According to the SDG Index and Dashboards Report 2018, Kenya ranked 119 globally with a score of 56.8. African countries ahead of the East African nation include Morocco (66.3), Tunisia (66.2), Mauritius (64.5), Egypt (63.5), Gabon (62.8), Ghana (62.8), South Africa (60.8), Namibia (58.9), Zimbabwe (58.8), Botswana (58.5), and Senegal (57.2).
The Sustainable Development Goals (SDGs) were adopted by the United Nations member states in 2015 and are supposed to be achieved by 2030.
“For the first time, we are able to show that no country is on track to achieve all the goals by 2030. For example, Sweden, Denmark, and Finland top the 2018 SDG Index, but they need to significantly accelerate progress towards achieving some goals, including Goal 12 (Sustainable Consumption and Production) and Goal 13 (Climate Action),” the report observes.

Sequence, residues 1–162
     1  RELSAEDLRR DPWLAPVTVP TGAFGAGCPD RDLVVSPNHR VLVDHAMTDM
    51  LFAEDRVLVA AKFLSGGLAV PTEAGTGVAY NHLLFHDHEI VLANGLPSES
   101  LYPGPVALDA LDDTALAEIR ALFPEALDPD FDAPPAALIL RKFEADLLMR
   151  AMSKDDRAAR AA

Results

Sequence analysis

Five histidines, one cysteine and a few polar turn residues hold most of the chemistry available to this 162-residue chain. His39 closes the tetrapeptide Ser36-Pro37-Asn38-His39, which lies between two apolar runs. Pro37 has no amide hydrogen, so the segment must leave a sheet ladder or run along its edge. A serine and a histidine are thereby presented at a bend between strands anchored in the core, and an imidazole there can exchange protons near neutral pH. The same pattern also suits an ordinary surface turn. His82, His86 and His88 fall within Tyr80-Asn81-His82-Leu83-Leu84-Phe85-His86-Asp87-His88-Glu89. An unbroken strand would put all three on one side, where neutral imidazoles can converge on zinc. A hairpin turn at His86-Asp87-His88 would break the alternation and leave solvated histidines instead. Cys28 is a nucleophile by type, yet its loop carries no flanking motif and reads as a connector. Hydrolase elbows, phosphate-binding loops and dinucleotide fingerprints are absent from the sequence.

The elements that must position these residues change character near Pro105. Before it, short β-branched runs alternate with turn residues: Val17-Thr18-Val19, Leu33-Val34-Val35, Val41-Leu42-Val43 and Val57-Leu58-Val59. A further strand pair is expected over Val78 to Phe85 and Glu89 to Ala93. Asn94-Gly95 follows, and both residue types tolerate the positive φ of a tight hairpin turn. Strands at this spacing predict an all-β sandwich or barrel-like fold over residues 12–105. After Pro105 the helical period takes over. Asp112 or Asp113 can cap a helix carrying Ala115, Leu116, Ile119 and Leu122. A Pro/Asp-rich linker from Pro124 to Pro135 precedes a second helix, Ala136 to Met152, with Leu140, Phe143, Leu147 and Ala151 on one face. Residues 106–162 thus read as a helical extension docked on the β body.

Kenya could make more progress on the SDG index if it implements the Big Four agenda which focus on universal healthcare, food security, manufacturing, and food security.
According to the SDG Index, which scores countries on a scale of 0 to 100, indicates that Sweden is closest to achieving the goals with a score of 85 followed by Denmark, Finland, Germany, and France at 84.6, 83.0, 82.3, and 81.2 respectively.
The report indicates that Sub-Saharan countries face various challenges in achieving the SDGs and should fast track goals such as ending extreme poverty and poor nutrition, increasing access to health care and education, enhancing access to infrastructure, reducing high-income inequality, and ensuring sustainable urban development.
The report also shows that Nigeria accounts for 19 per cent of the global gap to achieving SDG 1 on eliminating extreme poverty while Kenya contributes 2.3 per cent.
The report notes: “[Nigeria] together with the Democratic Republic of Congo and India account for more than one-third of the global achievement gap for SDG 1.”
Moreover, most developing countries have made significant progress in eliminating extreme poverty in all its forms such as undernourishment, income poverty, access to health and education services, income poverty, and access to basic infrastructure, the report states.